Emily LakdawallaMar 04, 2010

Pretty Picture: ISS in the X-band

This is from the "Just Plain Cool" department: a picture of the International Space Station taken in microwave radar. The specific radio wavelength involved is the X-band, radio with wavelengths of a few centimeters. (I've noticed some bloggers incorrectly reporting this image as being taken in "X-rays," which is quite a different animal entirely, waaaaay shorter wavelength than visible light and not a very friendly wavelength to be irradiating astronauts with; microwave radar is waaaay longer wavelength than visible light and of no consequence to astronaut health.) For comparison, I'm also posting an image of the ISS taken with a plain old optical camera just a couple of months later.

ISS in the X-band
ISS in the X-band

On March 13, 2008, the International Space Station (ISS) passed across the field of view of Germany's remote sensing satellite, TerraSAR-X, at a distance of 195 kilometers.

In contrast to optical cameras, radar does not "see" surfaces. Instead, it is much more sensitive to the edges and corners which bounce back the microwave signal it transmits. Unless they are directly facing the radar spacecraft, smooth surfaces such as those on the ISS solar and radiator panels, do not reflect a strong signal to the detector, so they appear dark. Yet the bright spots outlining edges and corners clearly show the shape of the ISS. The central element on the ISS, to which all the modules are docked, has a grid structure that presents a multiplicity of reflecting surfaces to the radar beam, making it readily identifiable. This image has a resolution of about one meter.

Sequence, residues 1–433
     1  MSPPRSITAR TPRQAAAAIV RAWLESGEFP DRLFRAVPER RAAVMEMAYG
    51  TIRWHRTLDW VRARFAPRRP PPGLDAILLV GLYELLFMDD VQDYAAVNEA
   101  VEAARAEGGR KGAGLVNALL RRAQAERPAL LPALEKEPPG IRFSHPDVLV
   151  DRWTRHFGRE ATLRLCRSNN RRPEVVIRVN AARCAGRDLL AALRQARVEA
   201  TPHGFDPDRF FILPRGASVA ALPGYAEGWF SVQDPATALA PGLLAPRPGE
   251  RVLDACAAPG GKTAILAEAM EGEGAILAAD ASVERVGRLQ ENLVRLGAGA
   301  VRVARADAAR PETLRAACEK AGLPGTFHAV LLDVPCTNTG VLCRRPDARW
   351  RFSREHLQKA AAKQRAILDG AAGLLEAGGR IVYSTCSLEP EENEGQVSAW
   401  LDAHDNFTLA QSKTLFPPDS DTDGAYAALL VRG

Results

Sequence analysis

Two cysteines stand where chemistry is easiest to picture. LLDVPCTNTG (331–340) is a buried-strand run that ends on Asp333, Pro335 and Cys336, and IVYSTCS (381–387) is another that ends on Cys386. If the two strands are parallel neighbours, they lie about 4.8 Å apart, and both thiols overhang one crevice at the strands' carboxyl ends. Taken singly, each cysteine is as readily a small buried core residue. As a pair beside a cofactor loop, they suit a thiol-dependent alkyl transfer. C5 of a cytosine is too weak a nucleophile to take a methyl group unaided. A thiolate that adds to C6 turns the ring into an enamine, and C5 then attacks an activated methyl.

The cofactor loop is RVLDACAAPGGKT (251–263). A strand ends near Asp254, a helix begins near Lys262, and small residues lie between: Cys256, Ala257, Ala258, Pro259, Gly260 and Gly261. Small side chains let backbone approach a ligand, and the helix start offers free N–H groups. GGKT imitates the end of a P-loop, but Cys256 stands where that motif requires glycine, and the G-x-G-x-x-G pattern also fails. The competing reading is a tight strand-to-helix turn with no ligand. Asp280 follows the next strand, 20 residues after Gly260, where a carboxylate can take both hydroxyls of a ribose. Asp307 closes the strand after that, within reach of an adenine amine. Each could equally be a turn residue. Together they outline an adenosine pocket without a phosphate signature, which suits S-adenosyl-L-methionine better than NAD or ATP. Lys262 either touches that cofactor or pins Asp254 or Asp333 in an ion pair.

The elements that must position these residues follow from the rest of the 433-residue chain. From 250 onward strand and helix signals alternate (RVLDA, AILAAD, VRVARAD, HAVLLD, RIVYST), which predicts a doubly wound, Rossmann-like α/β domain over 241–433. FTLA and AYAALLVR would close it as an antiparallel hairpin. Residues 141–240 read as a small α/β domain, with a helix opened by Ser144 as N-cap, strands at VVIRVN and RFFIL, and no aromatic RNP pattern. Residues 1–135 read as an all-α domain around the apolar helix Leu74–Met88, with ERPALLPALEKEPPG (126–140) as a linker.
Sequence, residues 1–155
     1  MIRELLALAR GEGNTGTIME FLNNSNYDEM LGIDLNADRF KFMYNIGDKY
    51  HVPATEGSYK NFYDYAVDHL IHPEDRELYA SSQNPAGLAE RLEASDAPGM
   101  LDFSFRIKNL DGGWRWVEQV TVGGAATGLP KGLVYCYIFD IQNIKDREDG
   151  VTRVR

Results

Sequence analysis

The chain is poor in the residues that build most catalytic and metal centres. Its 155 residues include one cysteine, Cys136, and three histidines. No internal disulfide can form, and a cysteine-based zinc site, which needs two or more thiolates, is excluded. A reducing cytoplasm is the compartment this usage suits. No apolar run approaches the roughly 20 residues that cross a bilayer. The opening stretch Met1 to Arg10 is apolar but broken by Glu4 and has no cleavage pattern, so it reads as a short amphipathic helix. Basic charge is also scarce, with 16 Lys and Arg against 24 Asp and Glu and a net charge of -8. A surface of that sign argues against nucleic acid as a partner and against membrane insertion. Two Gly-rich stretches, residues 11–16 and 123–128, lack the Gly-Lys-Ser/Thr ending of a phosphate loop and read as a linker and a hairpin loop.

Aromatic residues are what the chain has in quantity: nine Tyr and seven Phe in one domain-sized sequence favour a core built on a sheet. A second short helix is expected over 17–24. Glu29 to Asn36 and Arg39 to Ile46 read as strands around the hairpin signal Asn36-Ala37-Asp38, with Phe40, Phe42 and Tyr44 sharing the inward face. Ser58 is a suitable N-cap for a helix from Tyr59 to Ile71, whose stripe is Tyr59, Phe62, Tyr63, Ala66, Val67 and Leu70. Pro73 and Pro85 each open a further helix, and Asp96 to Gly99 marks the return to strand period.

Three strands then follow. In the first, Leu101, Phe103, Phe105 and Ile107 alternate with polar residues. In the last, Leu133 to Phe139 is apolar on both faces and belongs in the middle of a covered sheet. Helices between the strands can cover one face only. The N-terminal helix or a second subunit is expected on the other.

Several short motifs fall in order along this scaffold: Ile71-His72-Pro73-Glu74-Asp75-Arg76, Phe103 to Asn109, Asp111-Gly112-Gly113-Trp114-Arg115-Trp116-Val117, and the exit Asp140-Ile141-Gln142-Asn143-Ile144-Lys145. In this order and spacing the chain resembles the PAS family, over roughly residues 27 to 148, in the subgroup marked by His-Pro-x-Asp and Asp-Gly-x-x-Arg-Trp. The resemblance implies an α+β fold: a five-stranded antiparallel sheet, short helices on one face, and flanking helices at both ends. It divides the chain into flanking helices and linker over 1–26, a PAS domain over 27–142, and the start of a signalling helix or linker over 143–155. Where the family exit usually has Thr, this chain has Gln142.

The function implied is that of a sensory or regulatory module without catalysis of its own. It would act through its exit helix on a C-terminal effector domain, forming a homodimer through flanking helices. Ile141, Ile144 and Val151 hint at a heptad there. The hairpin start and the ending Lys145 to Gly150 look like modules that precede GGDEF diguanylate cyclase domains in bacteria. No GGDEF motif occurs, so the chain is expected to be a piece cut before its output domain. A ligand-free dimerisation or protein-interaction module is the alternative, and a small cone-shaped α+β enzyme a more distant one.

Image: German Aerospace Center (DLR)

The main reason I'm posting this picture is because it's a picture of a pretty familiar object -- the Space Station -- in an unfamiliar part of the electromagnetic spectrum. I post images here all the time in wavelengths longer than the human eye can see, and it's tempting to assume that images of the same places will look pretty much the same in visible wavelengths. But the photo above shows how simultaneously familiar and strange a well-known object looks in radar, reminding me that my instincts in interpreting what I see in radar images of places like Titan, Venus, and the Moon may not always be reliable.

A final note about this image -- I first learned about it via DLR's Twitter feed. I'm finding it easier to get news about European missions via Twitter than more traditional means!

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